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The Next Drilling Disaster


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The historic BP Oil Spill in the Gulf and deadly mining disasters in West Virginia have shown the tragedy that lax (or nonexistent) regulation of resource extraction can cause. The next example of this could be hydraulic fracturing, or fracking, which could contaminate New York City’s drinking water with carcinogens and toxic sediments.

Fracking is a drilling technique which involves injecting toxic chemicals, sand, and millions of gallons of water under high pressure directly into the ground to release natural gas in shale deposits. This mixture of toxins and sediment, along with any natural gas released can leak to the surface.

Some of the largest deposits of this kind of natural gas are found in the Marcellus Shale, a huge geological formation underneath Ohio, West Virginia, and Pennsylvania as well as New York; oil and gas companies are eager to exploit it.

The Nation posted a great primer on the issue last week by introducing a feature article explaining the problems of fracking operations. The article points out that a lack of regulators is a key problem:

Drilling is now regulated entirely at the state level, where there is not nearly enough manpower to handle the volume of wells. In 2008 thirty-five inspectors were responsible for more than 74,000 wells in Pennsylvania (with promises to hire sixty-eight more as Marcellus drilling grows); nineteen inspectors covered more than 13,000 wells in New York; and twenty-four oversaw more than 64,000 wells in Ohio.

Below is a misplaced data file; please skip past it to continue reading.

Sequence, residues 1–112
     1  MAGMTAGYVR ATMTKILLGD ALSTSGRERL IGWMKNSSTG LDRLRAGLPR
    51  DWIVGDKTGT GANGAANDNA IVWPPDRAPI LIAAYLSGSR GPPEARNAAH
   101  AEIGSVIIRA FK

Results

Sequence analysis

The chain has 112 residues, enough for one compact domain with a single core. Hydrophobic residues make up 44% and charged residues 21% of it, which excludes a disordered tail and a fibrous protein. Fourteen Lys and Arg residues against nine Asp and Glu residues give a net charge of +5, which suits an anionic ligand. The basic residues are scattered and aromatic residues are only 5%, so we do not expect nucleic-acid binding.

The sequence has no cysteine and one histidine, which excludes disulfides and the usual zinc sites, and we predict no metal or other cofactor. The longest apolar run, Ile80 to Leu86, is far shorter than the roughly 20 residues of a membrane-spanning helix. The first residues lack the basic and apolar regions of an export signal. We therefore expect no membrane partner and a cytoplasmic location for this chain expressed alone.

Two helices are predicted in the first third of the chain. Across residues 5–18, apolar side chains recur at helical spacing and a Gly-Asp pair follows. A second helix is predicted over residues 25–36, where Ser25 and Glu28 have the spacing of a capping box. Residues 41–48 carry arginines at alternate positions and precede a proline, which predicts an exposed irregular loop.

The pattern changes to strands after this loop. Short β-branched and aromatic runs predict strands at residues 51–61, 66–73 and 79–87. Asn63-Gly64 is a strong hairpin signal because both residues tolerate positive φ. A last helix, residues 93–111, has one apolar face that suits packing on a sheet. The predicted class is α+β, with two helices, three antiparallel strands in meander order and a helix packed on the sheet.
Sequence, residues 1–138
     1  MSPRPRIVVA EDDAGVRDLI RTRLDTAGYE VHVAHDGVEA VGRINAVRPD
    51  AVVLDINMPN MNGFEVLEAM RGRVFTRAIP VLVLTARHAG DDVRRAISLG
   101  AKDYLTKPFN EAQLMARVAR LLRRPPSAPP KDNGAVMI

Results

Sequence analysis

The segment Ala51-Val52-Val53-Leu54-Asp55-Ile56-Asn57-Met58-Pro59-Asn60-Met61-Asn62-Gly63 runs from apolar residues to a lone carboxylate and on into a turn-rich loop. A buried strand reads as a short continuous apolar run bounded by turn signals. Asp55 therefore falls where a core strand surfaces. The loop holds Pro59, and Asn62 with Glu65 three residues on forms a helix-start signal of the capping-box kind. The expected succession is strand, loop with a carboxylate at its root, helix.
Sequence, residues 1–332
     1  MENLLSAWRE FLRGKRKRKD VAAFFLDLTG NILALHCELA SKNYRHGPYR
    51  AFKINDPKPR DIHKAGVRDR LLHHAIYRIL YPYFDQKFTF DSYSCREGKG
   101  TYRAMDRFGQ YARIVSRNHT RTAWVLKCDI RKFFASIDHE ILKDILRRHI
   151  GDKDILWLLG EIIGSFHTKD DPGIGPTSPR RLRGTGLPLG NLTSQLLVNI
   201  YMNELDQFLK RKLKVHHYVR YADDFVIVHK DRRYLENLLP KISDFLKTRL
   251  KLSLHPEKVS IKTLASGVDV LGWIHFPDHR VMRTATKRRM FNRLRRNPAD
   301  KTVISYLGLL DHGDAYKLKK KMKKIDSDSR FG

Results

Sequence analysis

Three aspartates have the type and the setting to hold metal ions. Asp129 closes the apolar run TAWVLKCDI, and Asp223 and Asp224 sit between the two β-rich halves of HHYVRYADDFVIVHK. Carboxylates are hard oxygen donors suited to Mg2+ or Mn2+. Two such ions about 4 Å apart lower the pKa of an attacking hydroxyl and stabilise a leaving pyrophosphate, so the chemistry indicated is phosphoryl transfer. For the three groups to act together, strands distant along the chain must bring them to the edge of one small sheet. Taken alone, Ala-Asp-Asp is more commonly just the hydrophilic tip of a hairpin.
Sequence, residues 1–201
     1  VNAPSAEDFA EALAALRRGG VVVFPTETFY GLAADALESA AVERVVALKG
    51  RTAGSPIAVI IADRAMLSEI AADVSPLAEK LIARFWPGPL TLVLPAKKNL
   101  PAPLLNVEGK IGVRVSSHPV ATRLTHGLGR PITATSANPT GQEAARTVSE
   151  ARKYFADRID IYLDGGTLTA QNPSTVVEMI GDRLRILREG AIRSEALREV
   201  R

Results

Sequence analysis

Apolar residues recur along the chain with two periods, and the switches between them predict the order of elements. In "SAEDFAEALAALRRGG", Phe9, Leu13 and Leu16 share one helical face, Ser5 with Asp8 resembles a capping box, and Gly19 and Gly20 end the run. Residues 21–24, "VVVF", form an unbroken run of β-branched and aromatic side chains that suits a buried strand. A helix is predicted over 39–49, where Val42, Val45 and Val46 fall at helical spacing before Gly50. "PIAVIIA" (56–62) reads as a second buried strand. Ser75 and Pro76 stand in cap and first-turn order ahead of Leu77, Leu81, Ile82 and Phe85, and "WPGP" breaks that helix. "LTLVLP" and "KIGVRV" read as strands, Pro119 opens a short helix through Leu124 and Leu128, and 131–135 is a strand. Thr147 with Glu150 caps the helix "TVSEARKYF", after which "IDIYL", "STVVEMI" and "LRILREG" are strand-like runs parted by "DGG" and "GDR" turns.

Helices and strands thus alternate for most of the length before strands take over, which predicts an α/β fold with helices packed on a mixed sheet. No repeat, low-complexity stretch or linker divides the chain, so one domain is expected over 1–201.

The article also has insight on the dangers of fracking for New York in particular:

The issue is of particular concern to residents in New York City and Syracuse, two of a small number of US cities with a special permit to provide unfiltered surface water for drinking. Drilling in upstate watersheds could place the cities’ water supplies at risk and create the need to build billion-dollar water treatment plants.

Guess who’d pay for those treatment plants? Not the drilling companies.

Riverkeeper, New York’s clean water advocate, has worked on the ground and in the courts to stop fracking for years, and now is rallying all New Yorkers to take up the call “Don’t Frack With New York’s Drinking Water!” You can join by telling candidate for Governor Andrew Cuomo to commit to an executive order banning fracking in the state.

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